In Northern Ireland, a thorny Brexit problem is about to be resolved


Almost two years of political stagnation. Decision making is paralyzed. Growing tension in a place where peace remains fragile even after the end of decades of sectarian fighting.

There are few places where the impact of Britain’s departure from the European Union has been felt more sharply than in Northern Ireland.

But there were growing hopes on Wednesday that one of Brexit’s most poisoned legacies has been alleviated – at least for now – by a new plan that should bring the territory’s political parties back into government.

In a dry 76-page document published on Wednesday (coinciding with the fourth anniversary of Brexit coming into force), the British government laid out the details of the agreement it reached with the Democratic Unionist Party (DUP) to end its boycott. of the power-sharing assembly in Belfast.

Crucially, the government said it would reduce controls on goods entering Northern Ireland from Britain, addressing the biggest source of tension within the DUP, whose mainly Protestant supporters want to remain part of the United Kingdom.

Unionists had argued that the imposition of post-Brexit customs checks on goods arriving by sea from Britain had driven a wedge between Northern Ireland and the rest of the United Kingdom.

On Wednesday, the British government addressed this fear head-on, naming the document in which it unveiled the deal “Safeguard the Unionand said the package of measures it had agreed with the DUP – including guarantees of the territory’s constitutional place within the United Kingdom and £3.3bn in financial stimulus – would “reaffirm and strengthen Northern Ireland’s place in the United Kingdom and its Internal market”. “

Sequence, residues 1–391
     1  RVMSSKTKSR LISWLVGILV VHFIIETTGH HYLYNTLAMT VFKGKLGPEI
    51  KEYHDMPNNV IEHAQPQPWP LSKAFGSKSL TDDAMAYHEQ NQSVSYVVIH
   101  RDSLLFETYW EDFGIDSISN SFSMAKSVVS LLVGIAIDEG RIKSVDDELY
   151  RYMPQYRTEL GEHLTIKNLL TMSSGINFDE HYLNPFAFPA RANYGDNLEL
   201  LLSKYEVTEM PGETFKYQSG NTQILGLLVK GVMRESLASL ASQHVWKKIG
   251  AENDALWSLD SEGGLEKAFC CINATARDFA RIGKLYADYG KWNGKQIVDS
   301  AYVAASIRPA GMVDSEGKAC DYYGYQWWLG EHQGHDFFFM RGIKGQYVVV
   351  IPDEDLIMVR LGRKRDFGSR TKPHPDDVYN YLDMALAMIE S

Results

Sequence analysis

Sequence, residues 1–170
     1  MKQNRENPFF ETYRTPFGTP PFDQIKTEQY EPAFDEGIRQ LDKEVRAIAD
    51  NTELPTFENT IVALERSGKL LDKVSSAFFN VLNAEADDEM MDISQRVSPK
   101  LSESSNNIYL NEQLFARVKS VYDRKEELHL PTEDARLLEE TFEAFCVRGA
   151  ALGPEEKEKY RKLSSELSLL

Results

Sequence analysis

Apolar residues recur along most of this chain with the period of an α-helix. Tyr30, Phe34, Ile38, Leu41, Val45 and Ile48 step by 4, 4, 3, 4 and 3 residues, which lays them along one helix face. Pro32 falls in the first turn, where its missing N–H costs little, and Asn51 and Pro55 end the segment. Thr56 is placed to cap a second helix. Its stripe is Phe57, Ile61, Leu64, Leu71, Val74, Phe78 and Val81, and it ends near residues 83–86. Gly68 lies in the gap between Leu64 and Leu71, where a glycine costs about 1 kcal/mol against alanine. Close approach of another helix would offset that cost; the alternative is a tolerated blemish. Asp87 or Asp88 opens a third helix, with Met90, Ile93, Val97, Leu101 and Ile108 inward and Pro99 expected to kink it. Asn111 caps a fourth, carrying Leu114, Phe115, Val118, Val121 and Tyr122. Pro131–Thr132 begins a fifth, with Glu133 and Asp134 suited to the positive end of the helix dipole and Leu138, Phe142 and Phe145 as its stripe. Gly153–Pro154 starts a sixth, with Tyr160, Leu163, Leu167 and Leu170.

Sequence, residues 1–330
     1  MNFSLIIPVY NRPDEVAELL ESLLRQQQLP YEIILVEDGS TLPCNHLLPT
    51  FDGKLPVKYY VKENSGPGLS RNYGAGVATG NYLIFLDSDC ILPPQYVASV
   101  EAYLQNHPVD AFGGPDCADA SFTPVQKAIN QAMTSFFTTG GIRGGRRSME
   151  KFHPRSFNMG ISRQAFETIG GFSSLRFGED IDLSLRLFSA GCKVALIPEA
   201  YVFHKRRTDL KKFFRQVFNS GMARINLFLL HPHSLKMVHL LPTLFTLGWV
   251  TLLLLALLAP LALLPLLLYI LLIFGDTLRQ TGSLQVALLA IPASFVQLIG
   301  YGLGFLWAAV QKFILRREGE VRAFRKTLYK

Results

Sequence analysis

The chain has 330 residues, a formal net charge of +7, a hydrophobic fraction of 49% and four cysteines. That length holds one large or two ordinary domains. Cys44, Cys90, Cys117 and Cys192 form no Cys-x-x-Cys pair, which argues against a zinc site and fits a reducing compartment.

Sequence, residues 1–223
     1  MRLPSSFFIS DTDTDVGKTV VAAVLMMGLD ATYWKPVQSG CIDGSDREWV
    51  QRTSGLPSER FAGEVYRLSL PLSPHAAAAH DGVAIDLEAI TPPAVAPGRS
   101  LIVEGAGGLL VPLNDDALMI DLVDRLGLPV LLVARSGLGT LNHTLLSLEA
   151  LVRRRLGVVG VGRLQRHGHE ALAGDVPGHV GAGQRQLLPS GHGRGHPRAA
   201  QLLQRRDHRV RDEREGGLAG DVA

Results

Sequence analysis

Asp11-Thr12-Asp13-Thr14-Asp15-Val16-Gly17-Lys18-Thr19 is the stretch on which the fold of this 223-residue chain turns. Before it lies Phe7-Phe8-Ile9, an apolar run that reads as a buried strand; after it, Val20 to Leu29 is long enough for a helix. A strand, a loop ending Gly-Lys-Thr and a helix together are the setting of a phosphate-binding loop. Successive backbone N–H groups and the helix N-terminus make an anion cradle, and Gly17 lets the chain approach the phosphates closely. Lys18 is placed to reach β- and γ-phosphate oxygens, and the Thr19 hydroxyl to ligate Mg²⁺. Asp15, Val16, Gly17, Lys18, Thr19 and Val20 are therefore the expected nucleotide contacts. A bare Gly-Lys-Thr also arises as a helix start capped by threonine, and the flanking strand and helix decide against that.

After months of talks and a late-night meeting of the DUP executive that stretched into Tuesday morning, the combined proposals, along with mounting public pressure within Northern Ireland, appeared to have been enough to persuade the party to return to the government after almost two years.

Assuming there is no last-minute delay, the Northern Ireland assembly at Stormont, outside Belfast, could be operational by the weekend, paving the way for a seismic moment in which the territory’s top leadership role It will be held for the first time by Sinn Fein, after emerging as the largest party in the 2022 elections in Northern Ireland.

“It’s a very important moment,” said Katy Hayward, a professor of political sociology at Queen’s University Belfast, noting that the DUP agreed to re-share power with Sinn Féin, which mainly represents nationalist voters and is committed to a single thing that is anathema to all unionists: a united Ireland.

The British government, Professor Hayward said, had offered some relaxation of the trade deals against which the DUP had campaigned so hard. But because Northern Ireland shares a land border with the Republic of Ireland, which remains a member of the European Union, challenges will persist, he said, adding: “Dealing with the consequences of Brexit will always be more difficult for Northern Ireland. ”.

Seeing elected representatives back seated at Stormont will bring relief to many voters after two years in which civil servants have maintained the basic functions of government but failed to make more important decisions.

Wait times for healthcare procedures in the territory are long, public sector workers have been denied pay increases they would otherwise have received and strikers recently took to the streets in a large protest.

However, the origins of the political crisis underline the destabilizing effect of Brexit on the territory and the extent to which even prosaic issues such as the terms of trade can have enormous symbolic importance in a place still grappling with a history of bloody sectarian strife.